Under current law, copyright holders such as Metallica can demand that an ISP remove pirated content from its service, or even demand that links to such illegal content be removed.

If an ISP wants to avoid legal liability, it has to remove the content or


Lars Ulrich
Metallica drummer
 
Metallica's message for Napster users.
the links and notify its customer why that action is being taken. In the context of Napster, this would mean blocking a member's username or Internet Protocol address--the numbers that identify a computer on the Internet--from accessing the service.

Lawyers say that copyright law does allow a response, however. Blocked members have three days to tell the ISP, under threat of perjury, that the content wasn't illegal, or that they were misidentified. If the ISP gets this notification, it has to forward it to the copyright holder. If the copyright holder (in this case Metallica) doesn't file an actual lawsuit against the user of the service, then the content can be put back in 10 days.

Courts are still trying to determine whether Napster fits under this copyright law. A preliminary decision is expected from a federal judge any day.

The company has said it intends to comply with copyright law, however. A message on its Web site warns its members about copyright violations and says that the company "reserves the right to terminate the account of a user upon any single infringement of the rights of others in conjunction with use of the Napster service."

"They're really getting whipsawed by the various plaintiffs," said Bill Coats, a copyright attorney with Howrey Simon Arnold & White. "This puts Napster in a challenging position."

Even if the service does decide to block some of its members, it has a difficult road ahead.

Metallica's attorneys provided only information about individuals' usernames, the names of the Metallica songs being shared, dates and times the songs were available, and the Internet addresses of Napster's servers.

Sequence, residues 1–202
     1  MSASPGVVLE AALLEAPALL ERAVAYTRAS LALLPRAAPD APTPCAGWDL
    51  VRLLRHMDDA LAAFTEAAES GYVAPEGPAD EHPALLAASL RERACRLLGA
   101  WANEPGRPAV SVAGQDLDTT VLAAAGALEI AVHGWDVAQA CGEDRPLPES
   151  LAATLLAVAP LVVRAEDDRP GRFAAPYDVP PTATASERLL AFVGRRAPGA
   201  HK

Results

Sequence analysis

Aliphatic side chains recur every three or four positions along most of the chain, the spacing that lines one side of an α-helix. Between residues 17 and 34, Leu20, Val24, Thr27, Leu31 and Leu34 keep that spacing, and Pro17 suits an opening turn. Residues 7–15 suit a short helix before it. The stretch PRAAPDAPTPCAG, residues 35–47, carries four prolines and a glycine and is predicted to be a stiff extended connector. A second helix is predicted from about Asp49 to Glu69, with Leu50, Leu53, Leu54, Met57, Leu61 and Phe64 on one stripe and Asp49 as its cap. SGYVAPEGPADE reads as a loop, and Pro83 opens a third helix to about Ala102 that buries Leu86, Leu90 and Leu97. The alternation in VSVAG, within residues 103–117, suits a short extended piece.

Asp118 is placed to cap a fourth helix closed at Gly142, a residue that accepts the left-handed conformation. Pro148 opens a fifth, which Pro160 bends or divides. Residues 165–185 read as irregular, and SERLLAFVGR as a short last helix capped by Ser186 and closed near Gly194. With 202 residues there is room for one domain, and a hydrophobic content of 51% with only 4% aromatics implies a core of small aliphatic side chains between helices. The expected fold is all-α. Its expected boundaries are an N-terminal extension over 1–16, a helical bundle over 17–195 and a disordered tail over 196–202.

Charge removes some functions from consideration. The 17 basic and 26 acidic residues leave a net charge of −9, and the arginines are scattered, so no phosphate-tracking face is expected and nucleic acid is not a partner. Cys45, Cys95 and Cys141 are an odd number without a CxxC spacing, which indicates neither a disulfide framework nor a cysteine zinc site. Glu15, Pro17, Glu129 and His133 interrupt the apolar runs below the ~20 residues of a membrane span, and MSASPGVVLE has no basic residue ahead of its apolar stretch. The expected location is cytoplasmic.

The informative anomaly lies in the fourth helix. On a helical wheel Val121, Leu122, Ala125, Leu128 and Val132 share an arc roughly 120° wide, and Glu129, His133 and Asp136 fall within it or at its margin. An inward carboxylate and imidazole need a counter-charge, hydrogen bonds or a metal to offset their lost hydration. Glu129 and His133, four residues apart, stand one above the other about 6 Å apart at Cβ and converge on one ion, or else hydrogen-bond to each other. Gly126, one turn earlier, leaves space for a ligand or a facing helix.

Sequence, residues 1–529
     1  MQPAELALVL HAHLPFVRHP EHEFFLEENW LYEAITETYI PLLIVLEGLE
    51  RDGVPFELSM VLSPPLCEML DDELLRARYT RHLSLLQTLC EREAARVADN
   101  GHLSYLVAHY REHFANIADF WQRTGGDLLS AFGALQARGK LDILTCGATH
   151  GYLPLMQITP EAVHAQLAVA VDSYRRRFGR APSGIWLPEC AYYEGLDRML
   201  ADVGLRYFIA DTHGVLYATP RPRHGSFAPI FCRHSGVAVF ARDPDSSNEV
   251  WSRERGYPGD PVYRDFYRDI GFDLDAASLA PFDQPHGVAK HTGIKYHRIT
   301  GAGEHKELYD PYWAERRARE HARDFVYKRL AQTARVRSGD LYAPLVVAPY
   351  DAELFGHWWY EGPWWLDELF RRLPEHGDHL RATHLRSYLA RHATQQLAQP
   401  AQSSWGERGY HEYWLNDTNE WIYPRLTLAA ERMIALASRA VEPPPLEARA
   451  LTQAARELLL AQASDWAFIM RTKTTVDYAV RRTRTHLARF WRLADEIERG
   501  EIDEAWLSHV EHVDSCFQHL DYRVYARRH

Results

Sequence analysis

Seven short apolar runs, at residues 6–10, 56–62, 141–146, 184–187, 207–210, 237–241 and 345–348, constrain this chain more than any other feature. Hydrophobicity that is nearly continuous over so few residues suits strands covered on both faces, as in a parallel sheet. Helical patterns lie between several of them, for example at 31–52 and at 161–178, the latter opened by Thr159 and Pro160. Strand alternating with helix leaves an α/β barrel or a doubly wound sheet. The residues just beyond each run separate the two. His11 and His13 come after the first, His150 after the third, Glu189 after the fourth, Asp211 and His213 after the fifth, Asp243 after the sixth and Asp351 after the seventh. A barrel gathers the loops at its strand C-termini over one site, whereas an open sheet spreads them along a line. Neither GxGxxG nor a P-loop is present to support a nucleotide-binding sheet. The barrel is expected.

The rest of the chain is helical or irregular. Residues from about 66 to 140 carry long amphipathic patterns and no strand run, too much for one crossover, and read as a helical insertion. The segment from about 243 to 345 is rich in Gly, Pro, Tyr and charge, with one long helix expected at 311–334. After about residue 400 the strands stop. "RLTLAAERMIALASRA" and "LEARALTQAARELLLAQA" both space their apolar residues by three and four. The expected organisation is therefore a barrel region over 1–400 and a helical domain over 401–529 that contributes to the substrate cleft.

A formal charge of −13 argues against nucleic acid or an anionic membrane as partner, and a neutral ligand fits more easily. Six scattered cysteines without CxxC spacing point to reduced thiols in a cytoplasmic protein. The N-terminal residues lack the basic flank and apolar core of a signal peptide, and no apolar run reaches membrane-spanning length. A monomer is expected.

Lars Ulrich
Metallica drummer
 
Has Lars ever used Napster?
That could allow Napster to block individual usernames. But these usernames can easily be changed by Napster subscribers.

Network administrators say it's possible to determine the IP addresses of individual Napster users, which would be a more effective tool in blocking access to the service. A Napster spokesman said that Metallica did not include this information, however.

Metallica's attorneys said that they did include people's IP addresses, but this could not be independently verified by News.com.

Napster executives are hoping for a way to settle with the band instead of blocking its members, they said today.

"I'm a huge Metallica fan and therefore really sorry that they're going in this direction," Shawn Fanning, the 19-year-old founder of the company, said in a statement. "If we got the opportunity to explain to the band why Napster exists and why fans enjoy Napster, perhaps we could bring all of this to a peaceful conclusion."